Updated: Sep 10, 2020
Implants are taking over in the dental world. With the poor longevity and comfort of partial dentures and the inefficacy of cleaning methods for fixed partial dentures, more and more dentists are opting to place implants.
Implants help maintain the integrity and strength of the jaw. Once a tooth is removed, the bone in the socket and surrounding it becomes fragile. For this reason, implants are becoming a great option for the aging population. Implant cost has come down in the years and they are an amazing advancement for dentistry, but they come with their set of potential complications. Although uncommon, here are some things to think about:
Implants aren’t exactly real teeth. First, it’s a foreign object. Although materials are becoming increasingly biocompatible, your body still needs to accept this foreign object. Second, bone needs to embed into the implant threads. Third, implants do not possess the shock absorbers of our normal dentition (the periodontal ligament). This is why excessive pressure can lead to the implant failing.
Preface - an implant can be thought of as two parts – the part that goes into the bone which I refer to as the implant and the part that goes on top and is visible to you, which I’ll refer to as the crown. There are other components to implants but the technical complexity won’t add much to our discussion.
If an implant does not bind and integrate with bone, it will come loose. Poor technique, patient systemic complications, pressure overloading, infection or tissue damage are all be risk factors.
Some bone loss is expected within the first year of getting an implant, but it should not progress. Bone loss can be a sign of excessive pressure or infection. If little bone is left in an aesthetic zone, bone replacement or augmentation may be conducted before implant placement in order to create a uniform gum line.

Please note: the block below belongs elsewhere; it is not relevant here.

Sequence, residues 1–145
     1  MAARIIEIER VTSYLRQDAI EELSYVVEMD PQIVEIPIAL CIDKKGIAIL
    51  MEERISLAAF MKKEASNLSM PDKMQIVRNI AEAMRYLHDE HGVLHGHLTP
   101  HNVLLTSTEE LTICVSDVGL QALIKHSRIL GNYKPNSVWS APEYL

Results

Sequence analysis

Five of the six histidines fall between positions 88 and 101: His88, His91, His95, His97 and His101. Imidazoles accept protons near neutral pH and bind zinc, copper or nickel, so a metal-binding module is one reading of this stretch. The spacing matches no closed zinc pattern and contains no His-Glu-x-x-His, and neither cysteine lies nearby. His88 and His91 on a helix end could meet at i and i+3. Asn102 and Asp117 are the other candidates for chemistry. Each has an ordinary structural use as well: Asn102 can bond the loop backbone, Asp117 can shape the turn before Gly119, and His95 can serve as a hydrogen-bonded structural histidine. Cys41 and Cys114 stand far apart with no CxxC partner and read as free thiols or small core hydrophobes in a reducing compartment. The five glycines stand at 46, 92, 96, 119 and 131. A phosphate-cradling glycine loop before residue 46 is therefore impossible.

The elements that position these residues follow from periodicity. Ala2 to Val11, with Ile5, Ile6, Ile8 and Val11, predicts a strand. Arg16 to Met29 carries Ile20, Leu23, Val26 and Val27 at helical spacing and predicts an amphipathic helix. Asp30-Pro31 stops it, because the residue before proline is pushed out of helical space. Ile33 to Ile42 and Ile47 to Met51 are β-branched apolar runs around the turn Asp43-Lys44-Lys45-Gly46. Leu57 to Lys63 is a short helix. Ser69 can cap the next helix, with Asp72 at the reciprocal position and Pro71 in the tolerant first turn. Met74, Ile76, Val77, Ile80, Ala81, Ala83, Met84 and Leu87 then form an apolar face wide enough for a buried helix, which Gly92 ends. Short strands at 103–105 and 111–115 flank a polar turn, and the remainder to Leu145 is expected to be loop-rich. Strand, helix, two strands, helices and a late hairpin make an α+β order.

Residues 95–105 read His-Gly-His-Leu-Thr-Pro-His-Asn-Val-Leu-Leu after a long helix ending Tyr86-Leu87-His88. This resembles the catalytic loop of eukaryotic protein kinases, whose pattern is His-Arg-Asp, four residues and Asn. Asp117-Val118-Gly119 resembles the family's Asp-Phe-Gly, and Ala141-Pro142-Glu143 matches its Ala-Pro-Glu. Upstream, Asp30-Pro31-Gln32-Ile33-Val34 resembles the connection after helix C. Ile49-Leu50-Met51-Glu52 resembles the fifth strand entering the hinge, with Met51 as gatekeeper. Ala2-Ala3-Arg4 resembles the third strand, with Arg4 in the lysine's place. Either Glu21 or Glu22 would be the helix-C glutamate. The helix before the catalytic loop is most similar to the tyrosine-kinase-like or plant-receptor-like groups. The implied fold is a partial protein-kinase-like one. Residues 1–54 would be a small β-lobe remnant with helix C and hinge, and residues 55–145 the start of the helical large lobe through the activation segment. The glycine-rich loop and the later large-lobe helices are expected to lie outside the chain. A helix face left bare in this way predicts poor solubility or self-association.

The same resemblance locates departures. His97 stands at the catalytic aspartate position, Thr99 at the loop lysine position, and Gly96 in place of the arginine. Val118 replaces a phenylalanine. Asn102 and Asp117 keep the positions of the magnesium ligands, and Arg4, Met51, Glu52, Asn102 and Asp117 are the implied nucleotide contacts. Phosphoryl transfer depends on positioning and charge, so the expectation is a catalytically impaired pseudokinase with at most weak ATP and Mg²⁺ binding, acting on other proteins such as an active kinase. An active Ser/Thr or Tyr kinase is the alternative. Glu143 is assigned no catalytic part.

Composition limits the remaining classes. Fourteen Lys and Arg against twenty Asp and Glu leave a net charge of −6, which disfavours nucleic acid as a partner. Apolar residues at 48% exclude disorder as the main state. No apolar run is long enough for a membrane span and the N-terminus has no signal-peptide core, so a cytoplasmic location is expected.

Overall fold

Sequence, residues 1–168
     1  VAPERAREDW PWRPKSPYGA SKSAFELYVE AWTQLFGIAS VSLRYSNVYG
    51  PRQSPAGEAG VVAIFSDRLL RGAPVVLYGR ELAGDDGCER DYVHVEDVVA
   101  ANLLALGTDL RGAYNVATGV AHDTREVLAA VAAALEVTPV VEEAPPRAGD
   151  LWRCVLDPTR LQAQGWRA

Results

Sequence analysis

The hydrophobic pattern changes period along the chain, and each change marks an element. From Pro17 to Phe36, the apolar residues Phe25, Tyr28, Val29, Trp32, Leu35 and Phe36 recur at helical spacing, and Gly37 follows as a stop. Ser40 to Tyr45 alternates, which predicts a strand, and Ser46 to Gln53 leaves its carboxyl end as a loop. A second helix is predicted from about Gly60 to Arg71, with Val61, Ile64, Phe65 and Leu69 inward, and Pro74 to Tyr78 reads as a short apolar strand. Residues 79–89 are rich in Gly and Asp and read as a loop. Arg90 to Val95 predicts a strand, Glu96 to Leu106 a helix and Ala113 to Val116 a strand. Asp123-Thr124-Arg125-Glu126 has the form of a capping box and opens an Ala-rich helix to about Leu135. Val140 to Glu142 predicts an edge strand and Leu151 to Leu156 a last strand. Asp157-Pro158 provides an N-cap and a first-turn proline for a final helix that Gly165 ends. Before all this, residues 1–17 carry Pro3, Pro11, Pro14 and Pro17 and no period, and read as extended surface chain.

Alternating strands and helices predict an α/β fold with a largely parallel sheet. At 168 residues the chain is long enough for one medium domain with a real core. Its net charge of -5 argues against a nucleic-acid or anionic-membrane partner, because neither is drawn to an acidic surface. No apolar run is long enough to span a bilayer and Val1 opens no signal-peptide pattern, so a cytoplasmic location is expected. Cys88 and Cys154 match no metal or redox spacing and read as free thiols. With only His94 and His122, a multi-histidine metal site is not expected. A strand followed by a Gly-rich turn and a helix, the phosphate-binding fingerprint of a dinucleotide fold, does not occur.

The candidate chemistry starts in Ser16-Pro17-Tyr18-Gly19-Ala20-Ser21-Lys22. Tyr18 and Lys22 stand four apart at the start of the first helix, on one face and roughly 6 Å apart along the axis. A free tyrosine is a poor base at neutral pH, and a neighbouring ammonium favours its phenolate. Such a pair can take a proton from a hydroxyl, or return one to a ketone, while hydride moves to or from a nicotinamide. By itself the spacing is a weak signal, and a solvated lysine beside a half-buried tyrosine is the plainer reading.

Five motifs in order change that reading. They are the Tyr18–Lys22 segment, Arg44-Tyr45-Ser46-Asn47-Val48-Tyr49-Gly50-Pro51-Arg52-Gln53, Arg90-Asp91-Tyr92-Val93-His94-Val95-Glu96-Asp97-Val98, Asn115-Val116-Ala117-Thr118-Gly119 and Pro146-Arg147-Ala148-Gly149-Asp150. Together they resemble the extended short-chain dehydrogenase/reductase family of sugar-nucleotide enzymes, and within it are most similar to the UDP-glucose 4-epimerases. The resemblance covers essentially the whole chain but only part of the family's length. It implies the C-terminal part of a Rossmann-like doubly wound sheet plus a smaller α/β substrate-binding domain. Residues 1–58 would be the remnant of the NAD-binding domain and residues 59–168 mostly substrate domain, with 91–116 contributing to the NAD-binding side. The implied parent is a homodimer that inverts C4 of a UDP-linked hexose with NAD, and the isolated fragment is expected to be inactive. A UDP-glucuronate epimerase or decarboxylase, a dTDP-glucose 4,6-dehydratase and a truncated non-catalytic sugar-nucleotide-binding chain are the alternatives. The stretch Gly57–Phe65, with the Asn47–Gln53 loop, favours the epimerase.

As technology improves, this complication is becoming increasingly rare. Essentially, the implant can fracture somewhere around the crown and implant junction. Removal and re-implanting may be an option to fix this.
Excessive pressure on the crown may be the culprit, but trauma can also lead to this outcome. In this case, the dentist would just remake the restoration, if all other tissues are healthy.
This is the most common reason for implants to fail. Peri-mucositis is analogous to gingivitis - bleeding and inflammation around the pocket. Peri-implantitis is analogous to periodontitis - gingivitis symptoms and loss of bone. Smoking, genetics, diabetes and occlusal overload are all risk factors.
Bad aesthetics or function
If the crown is not shaped properly, it can create big spaces between teeth. Implants need to be cleaned just like regular teeth. If a lot of plaque builds up, it can lead to periodontal infection or even the decay of the adjacent tooth. The crown may not look great in relation to your other teeth. The unaesthetic look may also be caused by wrong colour selection. This can usually be corrected by remaking the crown.
Implants are becoming the new norm in the dental field and for good reason. They preserve bone structure, can last a long time, and mimic our natural dentition in many ways. My hope is that this post prepares you for the rare, but real risks. Preparation is key to success. Find a professional that is patient and trained.
Stay stay and keep smiling.